The fact that global biotech markets could be in the late stages of a bubble that kicked off between four and five years ago is making some investors, both private and institutional, wary about allocating capital to the space. After a number of temporary corrections during which analysts suggested we may start to finally see a turnaround in the sector, we continue to trade higher and higher in the major biotech indices, outstripping the vast majority of other industries along the way. However, there are a number of companies that seem to remain extremely bullish on biotech prospects. One of these is Celgene Corporation (NASDAQ:CELG). How do we know? Through its spending and acquisition activity. Over the last few weeks, we’ve seen Celgene acquire Juno Therapeutics Inc. (NASDAQ:JUNO) at nearly twice its open market rate in a $1 billion deal, we’ve seen the company expand its deal with Epizyme, Inc. (NASDAQ: EPZM) in what, over time, could be a close to $650 million deal, and finally, a realignment of its partnership with bluebird bio, Inc. (NASDAQ: BLUE) to the tune of a reported $225 million per product. If an incumbent biotech like Celgene is taking twice open market rate positions on developing stage companies, it is reasonable to conclude that it does not believe in the near-term turnaround in the overall sector, otherwise the company would wait for said turnaround and acquire the assets at a discount. After all, development stage companies like those mentioned are likely to fall further than mega caps such as Celgene. So, why are we discussing this? Well, Celgene has done it again. This time with a $7.2 billion acquisition of Receptos Inc (NASDAQ:RCPT) – its biggest spend so far this year and one that underlines its market outlook. So, with all this said, what is the deal look like, and how can investors on either side of it expect to fare near-term? Let’s take a look.
So, first up, let’s look at the agreement itself. For those poised with a fine tooth comb, you can see the 8K filing here, however, here is a simple outline of what’s involved. Celgene is to acquire all the outstanding shares of common stock of Receptos at a purchase price of $232 per share. At market close on Tuesday, just before the announcement, Receptos hit $207 a share, meaning Celgene is paying a little over a 12% premium on market rate. However, with around 31.5 million shares outstanding, it is reasonable to conclude that if Celgene was to actually purchase the shares in the open market, we would have seen more than 12% increase in price throughout purchase period. Therefore, it is reasonable to say that Celgene got market, is not slightly below market, rate on its latest acquisition – a far cry from the aforementioned Juno deal. In connection with the acquisition, JPMorgan Chase Bank has committed to providing Celgene with an unsecured bridge loan facility of up to $5 billion, which will cover two thirds of the costs of Receptos.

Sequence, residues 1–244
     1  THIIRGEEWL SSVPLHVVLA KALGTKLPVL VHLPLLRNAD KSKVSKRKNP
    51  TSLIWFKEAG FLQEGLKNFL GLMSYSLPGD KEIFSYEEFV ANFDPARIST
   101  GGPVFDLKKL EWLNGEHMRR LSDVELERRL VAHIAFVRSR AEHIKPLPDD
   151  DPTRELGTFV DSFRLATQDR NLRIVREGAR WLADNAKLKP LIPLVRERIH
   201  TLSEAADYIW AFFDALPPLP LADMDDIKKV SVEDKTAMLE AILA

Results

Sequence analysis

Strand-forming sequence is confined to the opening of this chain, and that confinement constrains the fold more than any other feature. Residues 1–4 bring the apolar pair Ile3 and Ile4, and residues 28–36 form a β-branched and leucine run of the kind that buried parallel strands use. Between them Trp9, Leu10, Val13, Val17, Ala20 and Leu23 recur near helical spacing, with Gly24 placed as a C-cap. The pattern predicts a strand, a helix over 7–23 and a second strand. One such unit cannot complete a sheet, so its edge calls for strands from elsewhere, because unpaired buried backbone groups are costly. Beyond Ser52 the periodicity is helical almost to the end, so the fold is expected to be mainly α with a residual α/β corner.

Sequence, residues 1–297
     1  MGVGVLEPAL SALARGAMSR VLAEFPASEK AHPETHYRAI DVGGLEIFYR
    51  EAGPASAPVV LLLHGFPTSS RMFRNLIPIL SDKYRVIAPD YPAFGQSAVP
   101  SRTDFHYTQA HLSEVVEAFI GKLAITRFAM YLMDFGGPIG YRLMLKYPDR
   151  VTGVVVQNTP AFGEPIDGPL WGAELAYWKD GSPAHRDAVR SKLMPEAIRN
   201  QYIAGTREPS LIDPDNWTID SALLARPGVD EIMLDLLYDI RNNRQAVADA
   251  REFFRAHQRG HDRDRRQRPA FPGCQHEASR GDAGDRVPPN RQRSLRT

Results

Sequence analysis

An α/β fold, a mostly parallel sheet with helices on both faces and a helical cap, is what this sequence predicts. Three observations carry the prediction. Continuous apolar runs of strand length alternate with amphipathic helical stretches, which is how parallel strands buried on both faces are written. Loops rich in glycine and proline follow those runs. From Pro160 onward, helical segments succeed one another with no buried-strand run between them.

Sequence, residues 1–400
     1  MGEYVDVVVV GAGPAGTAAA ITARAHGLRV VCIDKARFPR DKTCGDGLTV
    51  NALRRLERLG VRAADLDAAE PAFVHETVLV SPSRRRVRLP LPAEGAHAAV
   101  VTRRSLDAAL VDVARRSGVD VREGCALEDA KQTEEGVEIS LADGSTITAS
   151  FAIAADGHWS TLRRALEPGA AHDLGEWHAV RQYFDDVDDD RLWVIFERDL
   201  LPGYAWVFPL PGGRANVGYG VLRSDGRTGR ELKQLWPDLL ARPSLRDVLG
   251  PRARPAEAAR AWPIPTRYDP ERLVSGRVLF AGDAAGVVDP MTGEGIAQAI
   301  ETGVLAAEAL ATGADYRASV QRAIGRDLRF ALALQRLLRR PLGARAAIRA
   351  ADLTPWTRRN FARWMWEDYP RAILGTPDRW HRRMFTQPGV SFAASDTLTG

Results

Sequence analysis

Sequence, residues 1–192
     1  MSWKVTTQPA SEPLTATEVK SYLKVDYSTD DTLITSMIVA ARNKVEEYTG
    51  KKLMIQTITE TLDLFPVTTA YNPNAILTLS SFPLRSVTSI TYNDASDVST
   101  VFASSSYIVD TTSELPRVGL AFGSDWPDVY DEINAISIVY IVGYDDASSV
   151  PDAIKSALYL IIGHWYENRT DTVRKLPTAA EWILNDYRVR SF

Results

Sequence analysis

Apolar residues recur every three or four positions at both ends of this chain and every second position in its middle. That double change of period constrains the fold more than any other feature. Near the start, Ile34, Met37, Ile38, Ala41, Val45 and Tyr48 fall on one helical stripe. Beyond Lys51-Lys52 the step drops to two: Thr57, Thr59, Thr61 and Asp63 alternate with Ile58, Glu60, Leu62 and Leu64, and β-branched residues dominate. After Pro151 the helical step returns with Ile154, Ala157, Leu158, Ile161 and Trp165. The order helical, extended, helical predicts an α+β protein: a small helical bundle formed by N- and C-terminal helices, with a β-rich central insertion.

So what does Receptos bring to the table? Well, this is where things get interesting. The company’s primary focus is autoimmune drug development, and it currently has five candidates in its pipeline. The leader of these candidates – and the one which it is reasonable to conclude Celgene has paid so much for the acquisition of – is RPC1063, an orally administered modulator and trafficking agent currently targeted at the treatment of relapsing multiple sclerosis and two chronic, autoimmune, GI inflammatory disorders; Ulcerative colitis (“UC”) and Crohn’s disease (“CD”). In both instances, the treatment modulates the receptor pathway on white blood cells, and in doing so, achieveds sequestration (a complicated word for separation) of water reactive lymphocytes (responsible for disease proliferation) and the area in the body around which the disease resides. Basically, the treatment stops autoimmune diseases from spreading. Receptos initiated a phase 3 trial called SUNBEAM for RPC1063 in its MS incidence back in December 2014, and an update is expected during the third quarter of this year. For the UC and CD incidences, we saw a very promising results from a phase 2 trial that concluded last year, with the standout figure being 58.2% of patients on the 1 mg dose of RPC1063 achieved clinical response, as compared to 36.9% of patients on placebo. Again, during the third quarter this year, the company plans to initiate phase 3 trials for both of these targets.
So, the big question is, has Celgene overpaid for its new asset? The answer is – at present at least – a resounding no. The company expects to hit peak sales for RPC1063 (assuming approval) of more than $6 billion annually, and with the addition of the extended pipeline, expects net annual product sales in excess of $21 billion within the next five years.
Now back to the initial question: what does the deal look like from investors on both the Celgene and Receptos side of the deal? Well, from a Celgene perspective, it looks like a blockbuster acquisition. The company can make that its costs in a little over 18 months upon approval of RPC1063, and has diversified its current portfolio, which is heavily reliant on just a handful of treatments. From a Receptos perspective, the deal looks like an equally good one. Receptos shares have gained nearly 450% over the last 12 months on buyout rumors, and longer-term holders are now able to sell at this rate of gain, without fear that large scale selling will drive down price per share. All in all, a good deal all round. Well, assuming, that is, that approval follows.